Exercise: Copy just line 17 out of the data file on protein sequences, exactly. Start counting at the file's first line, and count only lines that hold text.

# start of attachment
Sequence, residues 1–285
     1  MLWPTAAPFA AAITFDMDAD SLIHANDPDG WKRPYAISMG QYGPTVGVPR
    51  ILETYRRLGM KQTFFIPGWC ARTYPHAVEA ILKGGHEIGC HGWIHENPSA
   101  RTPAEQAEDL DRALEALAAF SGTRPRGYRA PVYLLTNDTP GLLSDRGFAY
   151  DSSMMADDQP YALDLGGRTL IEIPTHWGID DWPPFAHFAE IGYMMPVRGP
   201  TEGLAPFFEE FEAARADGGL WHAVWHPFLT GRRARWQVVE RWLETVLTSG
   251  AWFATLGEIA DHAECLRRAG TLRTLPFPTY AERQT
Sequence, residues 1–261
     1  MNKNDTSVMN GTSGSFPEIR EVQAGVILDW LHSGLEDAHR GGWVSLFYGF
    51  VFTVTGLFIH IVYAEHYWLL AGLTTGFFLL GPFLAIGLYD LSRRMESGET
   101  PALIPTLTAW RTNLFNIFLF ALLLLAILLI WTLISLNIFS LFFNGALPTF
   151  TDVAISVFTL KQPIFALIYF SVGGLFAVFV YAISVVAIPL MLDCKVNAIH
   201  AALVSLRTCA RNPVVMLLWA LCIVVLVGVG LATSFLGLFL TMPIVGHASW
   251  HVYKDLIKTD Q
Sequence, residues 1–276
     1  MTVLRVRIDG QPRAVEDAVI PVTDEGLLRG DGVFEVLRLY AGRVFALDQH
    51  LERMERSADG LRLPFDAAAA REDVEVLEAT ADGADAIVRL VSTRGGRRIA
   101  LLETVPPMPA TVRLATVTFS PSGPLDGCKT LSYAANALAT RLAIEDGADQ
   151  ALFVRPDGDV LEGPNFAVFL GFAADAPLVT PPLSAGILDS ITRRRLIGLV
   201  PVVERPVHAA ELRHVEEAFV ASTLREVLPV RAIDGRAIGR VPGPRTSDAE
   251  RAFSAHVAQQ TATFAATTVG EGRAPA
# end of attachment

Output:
    51  LERMERSADG LRLPFDAAAA REDVEVLEAT ADGADAIVRL VSTRGGRRIA